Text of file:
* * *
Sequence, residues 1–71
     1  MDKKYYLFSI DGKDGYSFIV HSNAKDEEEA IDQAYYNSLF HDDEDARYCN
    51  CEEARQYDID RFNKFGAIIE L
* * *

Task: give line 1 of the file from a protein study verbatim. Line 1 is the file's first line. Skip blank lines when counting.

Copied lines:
Sequence, residues 1–71